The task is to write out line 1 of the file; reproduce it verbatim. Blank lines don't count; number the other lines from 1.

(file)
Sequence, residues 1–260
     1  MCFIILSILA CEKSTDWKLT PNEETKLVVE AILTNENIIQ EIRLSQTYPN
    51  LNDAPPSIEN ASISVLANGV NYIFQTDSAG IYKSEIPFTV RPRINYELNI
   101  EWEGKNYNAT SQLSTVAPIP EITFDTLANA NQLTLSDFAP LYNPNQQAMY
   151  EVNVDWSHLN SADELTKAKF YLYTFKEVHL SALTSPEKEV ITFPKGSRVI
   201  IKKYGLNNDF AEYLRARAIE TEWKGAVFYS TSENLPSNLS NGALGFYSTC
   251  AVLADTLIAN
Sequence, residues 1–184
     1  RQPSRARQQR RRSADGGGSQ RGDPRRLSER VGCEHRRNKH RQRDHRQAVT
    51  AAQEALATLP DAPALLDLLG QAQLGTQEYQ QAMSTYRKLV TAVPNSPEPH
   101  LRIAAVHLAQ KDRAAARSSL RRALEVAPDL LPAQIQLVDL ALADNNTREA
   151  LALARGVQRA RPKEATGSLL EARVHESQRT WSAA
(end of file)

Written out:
Sequence, residues 1–260